If one were to start to use machine learning intelligently to solve this problem, then one would go about solving it in a way entirely unlike the procedure in the problematic example. One would rather draw on soundly sourced domain expertise to develop a model of the relationship between relevant, work-related factors. For many of the key parts of the model, such as general relationships between personality type, leadership style, and cooperation with colleagues, one would look outside the organization for gold standard data that was sampled responsibly.

Once the organization has this model, then it can apply it to its own employees. For this to work, employees would need to provide significant detail about themselves, and the company would need to provide contextual information about the conditions under which employees work, as these may be confounding factors.

Part of the merit of building and fitting such a model would be that, because it is based on a lot of new and objective scientific considerations, it would produce novel results in recommending promotions. Again, if the algorithm merely reproduced past results, it would not be worth the investment in building the model.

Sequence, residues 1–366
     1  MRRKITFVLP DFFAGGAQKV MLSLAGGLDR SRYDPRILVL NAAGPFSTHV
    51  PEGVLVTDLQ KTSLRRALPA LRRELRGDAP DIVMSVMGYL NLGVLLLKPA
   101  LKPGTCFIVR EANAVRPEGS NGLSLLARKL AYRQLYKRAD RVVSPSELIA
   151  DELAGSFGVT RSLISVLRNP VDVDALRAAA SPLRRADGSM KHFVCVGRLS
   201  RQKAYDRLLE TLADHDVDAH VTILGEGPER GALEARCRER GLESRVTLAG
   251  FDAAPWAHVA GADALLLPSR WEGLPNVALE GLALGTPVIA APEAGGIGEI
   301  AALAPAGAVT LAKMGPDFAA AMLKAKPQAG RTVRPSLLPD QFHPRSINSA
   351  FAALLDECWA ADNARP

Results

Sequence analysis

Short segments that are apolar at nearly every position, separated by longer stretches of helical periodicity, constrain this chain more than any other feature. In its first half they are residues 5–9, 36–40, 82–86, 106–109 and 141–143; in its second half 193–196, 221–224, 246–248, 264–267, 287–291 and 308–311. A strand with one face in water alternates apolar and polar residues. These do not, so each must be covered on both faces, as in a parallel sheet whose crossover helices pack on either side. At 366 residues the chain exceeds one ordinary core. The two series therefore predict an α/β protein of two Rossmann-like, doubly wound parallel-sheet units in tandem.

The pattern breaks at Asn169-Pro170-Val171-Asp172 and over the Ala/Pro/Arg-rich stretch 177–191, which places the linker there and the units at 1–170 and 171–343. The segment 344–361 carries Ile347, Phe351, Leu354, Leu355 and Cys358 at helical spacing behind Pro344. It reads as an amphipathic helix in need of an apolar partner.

When the algorithm is introduced, it ideally is used in a way that maintains traditional promotion processes in parallel so that the two kinds of results can be compared. Evaluation of the algorithm’s performance, relative to traditional methods, is a long, arduous process full of potential insights. Using the algorithm as an intervention at first allows the company to develop a causal understanding its impact. Insights from the evaluation can be factored back into the algorithm, improving the latter.

In all these cases, the company must keep its business goals firmly in mind. If they do this, then the rest of the logic of their method falls out of data science best practices, which are grounded in mathematical principles of statistics. While the political implications of poorly managed machine learning are troubling, effective management of machine learning which takes the precautions necessary to develop objectivity is ultimately a corrective to social bias. This is a case where sounds science and managerialist motives and social justice are aligned.